Open heart - this complication is simple, a hole is cut in the dial over the escapement so that people can see the heart of the watch "beat."
Perlage - A pattern of small overlapping circles applied to the structural components of a watch movement and other surfaces like the rotor. The pattern is created using a rotating wooden peg.
Pinion gear - This part is a shaft with a gear attached. The gear engages other parts of the gear train. As the gear train moves, the shaft rotates, powering watch hands and other parts. A common name for the pinion that powers the hours, minutes, and seconds hand is cannon pinion.
Power reserve - this complication is the "gas gauge" of automatic watches. Like a flyback complication, a hand indicates how much power the watch has left before it stops. The most common markings are in hours.
Skeletonization - When a watchmaker skeletonizes a watch, they remove as much of the material from the movement as possible without weakening the structural integrity of the watch. Skeletonized movements usually receive additional engraving, and the gears and other components of the movement may be upgraded appearance-wise now that they are visible. Dials are optional for this complication, which requires installing the indices differently.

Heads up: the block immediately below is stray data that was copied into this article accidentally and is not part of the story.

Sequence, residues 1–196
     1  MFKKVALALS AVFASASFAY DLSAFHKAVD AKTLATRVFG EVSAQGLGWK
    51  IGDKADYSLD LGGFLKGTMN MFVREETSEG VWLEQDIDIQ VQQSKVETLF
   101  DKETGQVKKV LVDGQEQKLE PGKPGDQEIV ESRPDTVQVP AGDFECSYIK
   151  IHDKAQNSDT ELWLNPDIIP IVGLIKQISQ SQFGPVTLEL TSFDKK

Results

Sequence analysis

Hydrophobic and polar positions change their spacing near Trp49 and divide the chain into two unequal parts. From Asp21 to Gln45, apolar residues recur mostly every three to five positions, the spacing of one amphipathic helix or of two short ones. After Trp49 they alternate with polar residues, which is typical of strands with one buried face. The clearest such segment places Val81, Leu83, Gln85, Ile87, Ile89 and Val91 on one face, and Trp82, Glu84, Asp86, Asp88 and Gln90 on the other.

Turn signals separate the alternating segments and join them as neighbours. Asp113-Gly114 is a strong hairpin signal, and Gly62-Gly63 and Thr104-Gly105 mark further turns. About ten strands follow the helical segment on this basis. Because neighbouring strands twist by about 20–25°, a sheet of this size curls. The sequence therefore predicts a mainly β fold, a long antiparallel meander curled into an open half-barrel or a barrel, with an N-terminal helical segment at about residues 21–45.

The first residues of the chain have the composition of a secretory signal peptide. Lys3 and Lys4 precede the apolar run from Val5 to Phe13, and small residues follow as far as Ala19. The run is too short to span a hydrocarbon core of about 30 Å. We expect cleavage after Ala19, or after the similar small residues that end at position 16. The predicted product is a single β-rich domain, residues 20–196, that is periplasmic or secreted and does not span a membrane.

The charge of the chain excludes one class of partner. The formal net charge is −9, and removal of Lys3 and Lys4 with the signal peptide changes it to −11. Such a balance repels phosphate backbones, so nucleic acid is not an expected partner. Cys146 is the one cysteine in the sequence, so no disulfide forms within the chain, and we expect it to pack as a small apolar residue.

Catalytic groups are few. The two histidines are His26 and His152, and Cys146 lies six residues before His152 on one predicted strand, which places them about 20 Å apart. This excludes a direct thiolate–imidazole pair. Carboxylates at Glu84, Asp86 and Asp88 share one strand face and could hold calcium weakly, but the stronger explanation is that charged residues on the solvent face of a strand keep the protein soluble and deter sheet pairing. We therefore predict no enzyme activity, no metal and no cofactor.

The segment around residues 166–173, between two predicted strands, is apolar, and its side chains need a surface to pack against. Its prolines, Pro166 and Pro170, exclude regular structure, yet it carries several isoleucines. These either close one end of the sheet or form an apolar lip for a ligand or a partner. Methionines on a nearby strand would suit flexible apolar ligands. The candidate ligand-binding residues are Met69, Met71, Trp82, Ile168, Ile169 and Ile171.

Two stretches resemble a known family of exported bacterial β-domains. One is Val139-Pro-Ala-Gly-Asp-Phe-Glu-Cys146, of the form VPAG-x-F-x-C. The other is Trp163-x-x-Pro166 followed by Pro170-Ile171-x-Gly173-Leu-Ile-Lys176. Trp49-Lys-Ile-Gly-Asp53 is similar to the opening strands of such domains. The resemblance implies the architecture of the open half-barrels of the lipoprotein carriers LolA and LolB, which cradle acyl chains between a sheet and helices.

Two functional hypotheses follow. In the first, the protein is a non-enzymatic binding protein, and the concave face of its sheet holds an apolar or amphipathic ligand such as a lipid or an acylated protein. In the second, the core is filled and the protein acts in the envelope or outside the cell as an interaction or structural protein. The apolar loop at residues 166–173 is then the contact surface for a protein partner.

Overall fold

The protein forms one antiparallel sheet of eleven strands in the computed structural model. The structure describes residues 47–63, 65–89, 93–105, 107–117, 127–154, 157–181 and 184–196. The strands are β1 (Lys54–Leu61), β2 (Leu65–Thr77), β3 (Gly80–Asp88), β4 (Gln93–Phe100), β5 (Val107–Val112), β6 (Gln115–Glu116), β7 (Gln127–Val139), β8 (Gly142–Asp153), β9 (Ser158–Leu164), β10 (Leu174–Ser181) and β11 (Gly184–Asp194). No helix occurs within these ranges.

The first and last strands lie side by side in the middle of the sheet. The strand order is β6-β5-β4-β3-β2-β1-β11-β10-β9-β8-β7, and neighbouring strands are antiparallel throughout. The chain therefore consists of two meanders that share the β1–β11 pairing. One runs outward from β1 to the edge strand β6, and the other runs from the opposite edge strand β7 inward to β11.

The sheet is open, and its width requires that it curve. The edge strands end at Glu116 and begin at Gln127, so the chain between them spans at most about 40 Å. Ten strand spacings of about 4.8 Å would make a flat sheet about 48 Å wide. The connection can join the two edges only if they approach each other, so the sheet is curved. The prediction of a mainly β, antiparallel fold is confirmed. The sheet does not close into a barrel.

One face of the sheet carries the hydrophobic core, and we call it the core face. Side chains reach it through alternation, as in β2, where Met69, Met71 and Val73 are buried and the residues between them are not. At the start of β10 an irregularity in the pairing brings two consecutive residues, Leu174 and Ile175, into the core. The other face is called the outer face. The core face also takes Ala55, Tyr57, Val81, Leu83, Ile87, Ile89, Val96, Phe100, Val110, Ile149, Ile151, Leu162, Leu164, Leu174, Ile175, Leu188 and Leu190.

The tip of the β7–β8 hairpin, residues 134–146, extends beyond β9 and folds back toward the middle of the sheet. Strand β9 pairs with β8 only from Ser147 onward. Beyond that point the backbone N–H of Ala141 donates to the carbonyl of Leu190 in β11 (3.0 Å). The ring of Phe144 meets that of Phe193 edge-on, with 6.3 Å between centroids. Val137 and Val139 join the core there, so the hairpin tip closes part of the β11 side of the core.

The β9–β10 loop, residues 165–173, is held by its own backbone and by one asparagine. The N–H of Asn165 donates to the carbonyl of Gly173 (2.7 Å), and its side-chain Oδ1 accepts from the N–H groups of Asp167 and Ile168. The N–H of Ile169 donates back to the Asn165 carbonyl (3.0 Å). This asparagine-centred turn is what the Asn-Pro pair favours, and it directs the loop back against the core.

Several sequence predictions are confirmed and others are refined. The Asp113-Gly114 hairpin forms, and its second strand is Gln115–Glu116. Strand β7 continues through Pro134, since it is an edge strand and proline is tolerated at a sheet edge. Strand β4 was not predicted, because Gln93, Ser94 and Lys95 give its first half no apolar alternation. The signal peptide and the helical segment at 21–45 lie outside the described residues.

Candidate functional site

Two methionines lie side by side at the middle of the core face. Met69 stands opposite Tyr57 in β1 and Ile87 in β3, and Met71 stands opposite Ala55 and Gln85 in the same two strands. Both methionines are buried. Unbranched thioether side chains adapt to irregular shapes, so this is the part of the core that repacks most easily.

Subdial - A smaller dial on the main dial. These are used for a variety of purposes, such as displaying elapsed time in chronograph watches, day of the week, day of the month, moon phase, and more. They can be recessed or flush with the main dial, depending upon the effect the watch company wants to create.